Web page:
Forming a European Super League – Best for Football?

There has been talk of the formation of a European Super League between the biggest football clubs in Europe. It’s been met by the usual backlash from those believing it will kill football in Europe, but it could make the quality of football better, as well as improve competition, not just in the Super League, but also in domestic leagues.

It must be remembered that football and all sports are a business. The owners have one goal in mind: to make as much money as humanly possible.

In a report compiled by Forbes in July 2018, of the 50 richest sports teams in the world, only seven were from the world of football. The rest were spread between the NFL, NBA, and MLB.

Given how new school owners pour money into their teams to make them the best in the Europe, a European Super League could place more football teams into Forbes’ top 50 list. This could help the domestic game in all European countries and follow the format of the MLS, which has discussed the inclusion of the Mexican and Canadian leagues after the 2026 World Cup.

Richer teams could help drive competition within the European Super League as each owner will want their club to have the best players. This could lead to a greater number of high profile transfers. There’s always been big transfers: Luis Figo moved from Barcelona to Real Madrid; Cristiano Ronaldo switched to Juventus from Real Madrid; Neymar went from Barcelona to PSG.

It could also help the development of younger players, who could benefit from playing in the domestic leagues for a few more years before graduating into the European Super League.

In America, players must first show they are worthy and prove themselves against similar aged sportsmen before they’re drafted into the major leagues. If European football followed a similar format, the level of competition may become equal, providing much more excitement and closer games.

Over the last few years, it’s been commented how the Champions League doesn’t really start until after the group stages due to the gulf in class. A prime example of this happened earlier this season when Man City were 6-0 winners over Shakhtar Donetsk on the same night Real Madrid scored five against Viktoria Plzen.

For a number of years, I’ve thought the English FA could learn from the American system to help grow the English game. It would give them a chance to breed new talent within the lower leagues before the players were picked up by the big clubs to enhance their talents. This gradual or rapid, depending on the skill level of the talent, rise up the ladder might help the England national team reach the pinnacle of world football. The talk of a European Super League is the perfect chance for reform.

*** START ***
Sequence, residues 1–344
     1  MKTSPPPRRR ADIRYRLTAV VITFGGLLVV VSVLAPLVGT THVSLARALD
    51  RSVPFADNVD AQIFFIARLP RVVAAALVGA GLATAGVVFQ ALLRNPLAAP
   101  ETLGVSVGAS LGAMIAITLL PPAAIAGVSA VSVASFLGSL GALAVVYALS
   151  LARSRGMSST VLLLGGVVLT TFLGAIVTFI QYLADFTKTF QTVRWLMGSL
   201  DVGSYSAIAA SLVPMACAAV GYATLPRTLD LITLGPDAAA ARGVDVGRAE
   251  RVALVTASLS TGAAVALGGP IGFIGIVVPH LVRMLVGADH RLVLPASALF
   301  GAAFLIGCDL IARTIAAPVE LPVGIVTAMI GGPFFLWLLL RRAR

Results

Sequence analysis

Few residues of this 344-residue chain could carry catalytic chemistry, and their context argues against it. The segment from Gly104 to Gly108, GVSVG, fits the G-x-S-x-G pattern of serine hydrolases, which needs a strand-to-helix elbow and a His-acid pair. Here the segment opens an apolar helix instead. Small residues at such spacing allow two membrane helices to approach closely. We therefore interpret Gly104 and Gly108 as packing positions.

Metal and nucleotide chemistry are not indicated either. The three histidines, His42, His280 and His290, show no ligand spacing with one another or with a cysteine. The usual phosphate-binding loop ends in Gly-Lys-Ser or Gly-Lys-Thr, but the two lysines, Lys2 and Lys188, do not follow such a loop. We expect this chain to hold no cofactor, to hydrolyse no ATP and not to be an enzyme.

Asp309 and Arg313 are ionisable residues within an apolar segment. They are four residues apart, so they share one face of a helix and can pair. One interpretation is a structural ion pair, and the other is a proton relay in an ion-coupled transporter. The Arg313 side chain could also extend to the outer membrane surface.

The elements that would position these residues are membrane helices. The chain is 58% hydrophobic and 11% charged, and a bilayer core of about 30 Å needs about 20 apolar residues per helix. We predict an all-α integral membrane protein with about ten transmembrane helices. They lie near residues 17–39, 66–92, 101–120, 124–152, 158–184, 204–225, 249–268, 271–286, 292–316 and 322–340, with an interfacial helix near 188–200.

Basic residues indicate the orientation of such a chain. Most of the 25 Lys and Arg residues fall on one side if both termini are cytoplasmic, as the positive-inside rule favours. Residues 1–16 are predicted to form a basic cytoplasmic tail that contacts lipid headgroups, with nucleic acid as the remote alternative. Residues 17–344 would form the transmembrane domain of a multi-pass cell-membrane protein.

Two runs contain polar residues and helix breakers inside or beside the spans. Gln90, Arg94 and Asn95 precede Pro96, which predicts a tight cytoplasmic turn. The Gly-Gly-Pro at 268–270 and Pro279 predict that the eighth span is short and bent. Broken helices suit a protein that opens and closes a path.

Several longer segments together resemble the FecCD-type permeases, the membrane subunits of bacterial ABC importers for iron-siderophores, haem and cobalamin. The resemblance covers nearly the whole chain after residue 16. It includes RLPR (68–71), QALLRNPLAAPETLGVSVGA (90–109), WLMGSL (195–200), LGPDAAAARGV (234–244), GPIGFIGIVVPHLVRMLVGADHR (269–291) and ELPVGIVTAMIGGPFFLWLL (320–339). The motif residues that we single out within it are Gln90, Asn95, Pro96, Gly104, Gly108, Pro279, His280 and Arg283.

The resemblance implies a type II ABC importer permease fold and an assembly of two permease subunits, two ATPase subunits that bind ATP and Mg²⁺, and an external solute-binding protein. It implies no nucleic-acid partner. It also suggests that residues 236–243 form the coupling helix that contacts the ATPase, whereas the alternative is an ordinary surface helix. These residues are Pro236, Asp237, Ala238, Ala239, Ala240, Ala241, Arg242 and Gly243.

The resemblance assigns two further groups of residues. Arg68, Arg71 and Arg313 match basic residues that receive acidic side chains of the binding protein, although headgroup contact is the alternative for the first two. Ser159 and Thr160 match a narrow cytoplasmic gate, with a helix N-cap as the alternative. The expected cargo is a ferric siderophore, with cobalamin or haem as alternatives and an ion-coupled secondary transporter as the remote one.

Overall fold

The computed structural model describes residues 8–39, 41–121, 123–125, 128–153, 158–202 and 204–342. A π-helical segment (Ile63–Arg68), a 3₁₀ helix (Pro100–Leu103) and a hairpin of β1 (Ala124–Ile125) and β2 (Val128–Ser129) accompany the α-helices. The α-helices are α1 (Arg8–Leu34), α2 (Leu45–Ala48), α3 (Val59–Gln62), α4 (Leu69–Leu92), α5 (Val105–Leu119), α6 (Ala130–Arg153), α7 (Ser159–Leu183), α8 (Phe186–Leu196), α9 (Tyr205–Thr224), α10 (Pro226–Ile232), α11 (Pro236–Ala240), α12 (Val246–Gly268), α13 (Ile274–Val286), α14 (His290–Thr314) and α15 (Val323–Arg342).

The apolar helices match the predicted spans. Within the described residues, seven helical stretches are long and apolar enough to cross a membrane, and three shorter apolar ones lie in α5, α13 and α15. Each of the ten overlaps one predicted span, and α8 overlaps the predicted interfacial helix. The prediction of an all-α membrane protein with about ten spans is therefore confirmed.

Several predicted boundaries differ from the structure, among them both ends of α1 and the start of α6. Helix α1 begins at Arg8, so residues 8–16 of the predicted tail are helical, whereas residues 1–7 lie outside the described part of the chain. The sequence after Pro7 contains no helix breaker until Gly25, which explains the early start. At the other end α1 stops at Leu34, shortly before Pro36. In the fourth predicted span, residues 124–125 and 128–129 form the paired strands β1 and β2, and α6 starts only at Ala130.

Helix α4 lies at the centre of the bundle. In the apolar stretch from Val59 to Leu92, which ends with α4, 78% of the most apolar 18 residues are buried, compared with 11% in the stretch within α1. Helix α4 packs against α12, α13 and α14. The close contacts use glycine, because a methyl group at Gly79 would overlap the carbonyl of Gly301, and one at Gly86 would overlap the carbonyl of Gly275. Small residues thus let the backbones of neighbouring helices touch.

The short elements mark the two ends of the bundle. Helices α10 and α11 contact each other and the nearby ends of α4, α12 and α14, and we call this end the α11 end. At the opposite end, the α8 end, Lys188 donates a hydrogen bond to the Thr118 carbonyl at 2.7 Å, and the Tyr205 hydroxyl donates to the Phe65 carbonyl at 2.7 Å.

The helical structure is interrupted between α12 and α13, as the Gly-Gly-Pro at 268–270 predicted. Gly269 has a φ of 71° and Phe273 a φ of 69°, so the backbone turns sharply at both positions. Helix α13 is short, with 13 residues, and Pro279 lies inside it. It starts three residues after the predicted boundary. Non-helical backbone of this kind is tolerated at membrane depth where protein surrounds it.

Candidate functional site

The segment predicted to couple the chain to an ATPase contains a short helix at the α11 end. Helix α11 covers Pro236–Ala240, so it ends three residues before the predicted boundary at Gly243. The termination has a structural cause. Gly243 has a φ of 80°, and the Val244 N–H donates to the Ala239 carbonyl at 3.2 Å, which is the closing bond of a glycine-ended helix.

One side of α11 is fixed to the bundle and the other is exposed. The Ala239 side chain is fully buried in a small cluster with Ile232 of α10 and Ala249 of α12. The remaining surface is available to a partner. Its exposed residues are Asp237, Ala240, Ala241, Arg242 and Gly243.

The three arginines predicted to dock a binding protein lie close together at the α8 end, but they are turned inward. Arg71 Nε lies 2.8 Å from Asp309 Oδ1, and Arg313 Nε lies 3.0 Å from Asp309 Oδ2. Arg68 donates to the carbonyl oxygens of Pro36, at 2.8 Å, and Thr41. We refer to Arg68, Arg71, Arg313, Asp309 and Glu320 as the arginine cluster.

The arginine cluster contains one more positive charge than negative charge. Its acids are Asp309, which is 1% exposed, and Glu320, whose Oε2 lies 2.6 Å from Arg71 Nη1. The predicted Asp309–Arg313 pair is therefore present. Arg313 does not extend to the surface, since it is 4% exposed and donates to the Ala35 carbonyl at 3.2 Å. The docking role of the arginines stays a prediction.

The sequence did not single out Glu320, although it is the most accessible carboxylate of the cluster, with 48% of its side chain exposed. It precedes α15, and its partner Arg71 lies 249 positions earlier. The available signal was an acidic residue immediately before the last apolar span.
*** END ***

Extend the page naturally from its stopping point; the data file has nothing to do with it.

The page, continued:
Major reform of the English game is needed for the country to become a major force in the footballing world. By releasing teams to join the European Super League, the English game would lose Manchester United, Chelsea, Liverpool, Manchester City, and Arsenal.

In England’s starting XI in the World Cup Semi-Final against Croatia, six of the players were from those clubs. At the end of 120 minutes, only two players in the England XI came from those clubs. The big teams could be blamed for the stagnation of the England national team in the 2000’s. Everyone remembers the dilemma each manager faced of whether to play Steven Gerrard, Frank Lampard, or both. England’s “golden generation” achieved nothing.

The popularity of the Premier League is not due to it being in England. It’s due to the money and the players that can be attracted. The majority of revenue would shift to the European Super League. It would become the most popular league in the world simply because of the money, the names, and the players.

Revenue may drop, but people will still want to watch compelling football. Imagine the impact the European Super League would have on competition in Germany, Spain, and Italy, where the domestic league is dominated by one or two clubs. Juventus have won the last seven league titles in Italy; Bayern Munich have won the last six German titles; and, Barcelona and Real Madrid have won 15 of the 18 championships since the turn of the century.

Removing the most successful teams in Premier League history would also allow fans of teams who have generally be seen as small clubs to see their team enjoy success. The majority of football fans celebrated when Leicester won the Premier League in 2016. This one-off phenomenon could become the norm.

The European Super League could help reform football for the good, so before people completely go against the idea, they need to look at the bigger picture of business and how the money and richer clubs could help the global game, as well as bring joy to fans who may never have the chance to see their team lift a domestic title.


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